How to Transition Your Side Hustle Into a Full-Time Consulting Business

April 29, 2022 Jamie Johnson

You may have started your consulting business for a variety of reasons—personal fulfillment, extra money, or something to do on the side. But as your business starts to grow, you may start to think about taking it full-time.

But how do you know when you’re ready to quit your job and go from side hustle to full-time consulting? And what are the steps you can take to maximize your odds of success?

3 Signs You’re Ready to Take a Side Hustle Full-Time

Side hustles have become increasingly popular over the years, and 54% of working Americans currently have some sort of side hustle. 

A side hustle is a great way to explore new opportunities and bring in a little extra income. But how do you know when it’s time to take your side hustle full-time? Here are three signs you may be ready.

You’re having trouble managing both

As your consulting business continues to grow, you may find yourself stretched for time. You’re waking up early and working late hours to manage your side hustle alongside your full-time job.

At some point, it may start to feel like you’re working two full-time jobs! You may be able to sustain this for a little while, but eventually, your business or your job performance will start to suffer. So if your business continues to ramp up, it may be time to take it full-time.

You’re consistently out-earning your full-time job

With a full-time job, you receive a consistent paycheck every month and have additional benefits like health insurance or retirement savings. In comparison, income from a side hustle can be very inconsistent from month to month.

If you reach a point where the income from your side hustle is consistently exceeding what you earn at your full-time job, this could be the tipping point. However, the critical word is consistent—if you only do it one time, it could be a fluke.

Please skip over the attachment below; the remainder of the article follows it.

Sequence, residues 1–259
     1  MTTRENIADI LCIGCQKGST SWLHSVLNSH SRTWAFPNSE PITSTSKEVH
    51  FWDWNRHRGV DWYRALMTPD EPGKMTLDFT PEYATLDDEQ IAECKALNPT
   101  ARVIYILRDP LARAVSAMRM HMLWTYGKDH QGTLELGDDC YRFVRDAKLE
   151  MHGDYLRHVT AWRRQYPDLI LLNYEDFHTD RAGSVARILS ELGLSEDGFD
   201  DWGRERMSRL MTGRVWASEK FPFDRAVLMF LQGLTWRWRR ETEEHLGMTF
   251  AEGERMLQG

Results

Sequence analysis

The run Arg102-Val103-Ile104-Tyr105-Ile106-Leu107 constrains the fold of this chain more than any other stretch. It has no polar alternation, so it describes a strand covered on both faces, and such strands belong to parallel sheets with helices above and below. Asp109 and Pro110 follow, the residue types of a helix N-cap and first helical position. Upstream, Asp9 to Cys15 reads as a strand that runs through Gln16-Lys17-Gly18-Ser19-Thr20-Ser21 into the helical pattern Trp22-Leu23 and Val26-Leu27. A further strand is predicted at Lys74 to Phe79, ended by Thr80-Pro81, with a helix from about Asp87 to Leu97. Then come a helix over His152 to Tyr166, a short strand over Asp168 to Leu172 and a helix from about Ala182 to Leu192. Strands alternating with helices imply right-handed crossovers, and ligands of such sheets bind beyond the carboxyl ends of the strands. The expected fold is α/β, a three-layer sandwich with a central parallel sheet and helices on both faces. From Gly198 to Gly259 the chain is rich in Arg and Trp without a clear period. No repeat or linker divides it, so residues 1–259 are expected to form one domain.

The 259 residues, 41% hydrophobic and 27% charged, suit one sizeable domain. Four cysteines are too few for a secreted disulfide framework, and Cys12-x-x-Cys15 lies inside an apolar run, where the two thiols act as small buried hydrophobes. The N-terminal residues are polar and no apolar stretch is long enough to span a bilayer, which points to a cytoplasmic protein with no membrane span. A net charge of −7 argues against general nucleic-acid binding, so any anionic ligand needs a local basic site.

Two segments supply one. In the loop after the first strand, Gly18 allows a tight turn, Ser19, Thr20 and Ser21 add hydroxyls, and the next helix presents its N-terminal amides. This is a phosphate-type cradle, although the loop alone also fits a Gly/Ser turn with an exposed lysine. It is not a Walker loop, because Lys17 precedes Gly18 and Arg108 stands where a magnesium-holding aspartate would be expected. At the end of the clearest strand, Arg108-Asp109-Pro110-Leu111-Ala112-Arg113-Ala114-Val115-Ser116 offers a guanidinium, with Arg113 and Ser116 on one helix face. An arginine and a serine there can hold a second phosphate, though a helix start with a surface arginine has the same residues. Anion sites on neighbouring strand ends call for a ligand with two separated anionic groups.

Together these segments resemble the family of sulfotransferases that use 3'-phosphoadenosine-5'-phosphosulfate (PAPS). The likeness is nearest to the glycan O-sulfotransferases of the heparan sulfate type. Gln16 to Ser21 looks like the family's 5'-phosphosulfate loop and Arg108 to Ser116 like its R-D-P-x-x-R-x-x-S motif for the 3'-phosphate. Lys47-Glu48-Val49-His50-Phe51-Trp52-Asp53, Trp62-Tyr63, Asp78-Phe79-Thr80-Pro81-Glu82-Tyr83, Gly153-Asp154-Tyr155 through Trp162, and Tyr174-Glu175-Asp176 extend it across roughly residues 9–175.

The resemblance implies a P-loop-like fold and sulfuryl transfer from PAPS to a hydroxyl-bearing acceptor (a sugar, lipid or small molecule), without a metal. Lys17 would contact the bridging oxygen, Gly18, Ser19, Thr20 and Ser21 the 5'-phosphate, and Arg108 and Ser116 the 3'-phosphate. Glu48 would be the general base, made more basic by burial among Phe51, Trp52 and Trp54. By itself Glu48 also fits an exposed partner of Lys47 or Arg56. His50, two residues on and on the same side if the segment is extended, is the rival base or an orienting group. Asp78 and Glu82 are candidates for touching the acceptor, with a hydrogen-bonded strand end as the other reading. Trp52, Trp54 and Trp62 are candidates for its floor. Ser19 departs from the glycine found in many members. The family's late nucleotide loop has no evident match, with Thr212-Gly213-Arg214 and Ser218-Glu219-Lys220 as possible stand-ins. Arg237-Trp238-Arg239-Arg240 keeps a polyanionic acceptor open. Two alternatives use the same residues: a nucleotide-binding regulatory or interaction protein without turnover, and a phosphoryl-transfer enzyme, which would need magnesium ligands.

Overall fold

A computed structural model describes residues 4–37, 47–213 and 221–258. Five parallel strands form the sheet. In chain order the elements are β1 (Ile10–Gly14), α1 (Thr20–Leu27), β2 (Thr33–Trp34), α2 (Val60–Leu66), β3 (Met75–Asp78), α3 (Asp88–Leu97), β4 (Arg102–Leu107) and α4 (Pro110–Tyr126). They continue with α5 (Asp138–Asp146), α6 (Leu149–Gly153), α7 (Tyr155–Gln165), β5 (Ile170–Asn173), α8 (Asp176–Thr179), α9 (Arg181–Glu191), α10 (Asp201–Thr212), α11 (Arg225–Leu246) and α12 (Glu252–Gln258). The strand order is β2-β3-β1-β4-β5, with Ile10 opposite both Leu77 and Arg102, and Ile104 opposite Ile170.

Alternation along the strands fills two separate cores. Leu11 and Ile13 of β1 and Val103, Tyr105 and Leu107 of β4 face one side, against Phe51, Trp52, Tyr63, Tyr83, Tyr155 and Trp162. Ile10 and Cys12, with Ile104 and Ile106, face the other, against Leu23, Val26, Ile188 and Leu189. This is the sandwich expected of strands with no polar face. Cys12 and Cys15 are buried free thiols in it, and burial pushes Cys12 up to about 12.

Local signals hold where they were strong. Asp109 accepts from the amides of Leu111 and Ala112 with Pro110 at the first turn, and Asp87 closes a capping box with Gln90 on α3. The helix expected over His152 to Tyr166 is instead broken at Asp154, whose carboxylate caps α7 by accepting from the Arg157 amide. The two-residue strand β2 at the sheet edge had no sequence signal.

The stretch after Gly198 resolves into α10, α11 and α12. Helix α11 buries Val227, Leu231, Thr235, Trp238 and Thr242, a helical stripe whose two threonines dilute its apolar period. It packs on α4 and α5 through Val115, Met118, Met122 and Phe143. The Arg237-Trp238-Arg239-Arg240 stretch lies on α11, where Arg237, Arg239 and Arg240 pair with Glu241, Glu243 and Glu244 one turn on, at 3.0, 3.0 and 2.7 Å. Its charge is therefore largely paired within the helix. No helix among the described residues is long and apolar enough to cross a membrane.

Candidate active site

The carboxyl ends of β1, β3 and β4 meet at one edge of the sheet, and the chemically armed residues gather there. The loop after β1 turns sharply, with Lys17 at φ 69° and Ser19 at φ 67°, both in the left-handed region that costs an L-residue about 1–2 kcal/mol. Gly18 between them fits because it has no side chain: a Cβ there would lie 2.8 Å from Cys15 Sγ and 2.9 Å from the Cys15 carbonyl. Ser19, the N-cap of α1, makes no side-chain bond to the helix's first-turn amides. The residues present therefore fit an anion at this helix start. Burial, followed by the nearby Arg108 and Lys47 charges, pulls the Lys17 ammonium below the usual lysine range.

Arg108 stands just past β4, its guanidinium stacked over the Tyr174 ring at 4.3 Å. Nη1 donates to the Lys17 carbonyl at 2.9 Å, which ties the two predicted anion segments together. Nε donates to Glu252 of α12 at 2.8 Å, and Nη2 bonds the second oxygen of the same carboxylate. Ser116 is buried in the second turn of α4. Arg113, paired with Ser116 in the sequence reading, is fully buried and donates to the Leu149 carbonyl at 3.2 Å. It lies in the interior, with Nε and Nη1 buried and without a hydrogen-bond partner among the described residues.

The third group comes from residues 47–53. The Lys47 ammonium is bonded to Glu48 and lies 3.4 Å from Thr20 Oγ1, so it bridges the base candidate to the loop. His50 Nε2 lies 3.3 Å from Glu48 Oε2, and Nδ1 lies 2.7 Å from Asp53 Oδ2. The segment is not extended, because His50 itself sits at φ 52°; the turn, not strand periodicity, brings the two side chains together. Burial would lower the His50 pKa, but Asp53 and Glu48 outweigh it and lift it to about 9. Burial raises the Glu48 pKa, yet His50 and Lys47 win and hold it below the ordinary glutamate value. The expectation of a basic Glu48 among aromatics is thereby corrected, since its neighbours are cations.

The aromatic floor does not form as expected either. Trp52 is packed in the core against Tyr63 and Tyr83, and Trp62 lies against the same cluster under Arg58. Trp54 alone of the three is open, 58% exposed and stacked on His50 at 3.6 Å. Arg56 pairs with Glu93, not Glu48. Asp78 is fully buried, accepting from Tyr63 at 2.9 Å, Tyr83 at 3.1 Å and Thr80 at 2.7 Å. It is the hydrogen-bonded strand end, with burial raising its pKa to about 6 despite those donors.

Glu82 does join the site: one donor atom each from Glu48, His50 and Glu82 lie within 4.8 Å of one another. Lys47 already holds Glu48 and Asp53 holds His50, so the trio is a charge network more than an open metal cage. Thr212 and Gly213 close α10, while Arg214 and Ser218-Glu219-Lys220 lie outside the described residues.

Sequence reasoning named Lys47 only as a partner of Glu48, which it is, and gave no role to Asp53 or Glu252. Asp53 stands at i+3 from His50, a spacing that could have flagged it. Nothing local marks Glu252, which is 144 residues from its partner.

Your true passion lies with your side hustle

The final factor you should consider is where your true passion lies. Are you more passionate about your consulting business than your full-time job? If you’re passionate about your consulting business, you’ll be more motivated to put in the work to make it financially successful.

6 Steps to Take Your Consulting Business Full-Time

1. Come up with a plan

The first place to start is to develop a strategic plan for how you’ll take your side hustle full-time. How many hours will you need to work each week in your consulting business? How many clients do you need to have, and how much do you need to charge per project?

When you’re creating your plan, it’s important to think long-term. Come up with a three- to five-year plan for your business based on your goals and desired lifestyle.

2. Figure out how much you need to live on

Next, you need to figure out what is the absolute minimum you need to live on. In addition to your regular monthly expenses, you’ll need to consider items your employer usually covers, such as health insurance, taxes, and retirement contributions.

Plus, you’ll probably want to take the occasional vacation. Since there’s no paid time off when you’re self-employed, you’ll need to have the funds to cover this yourself.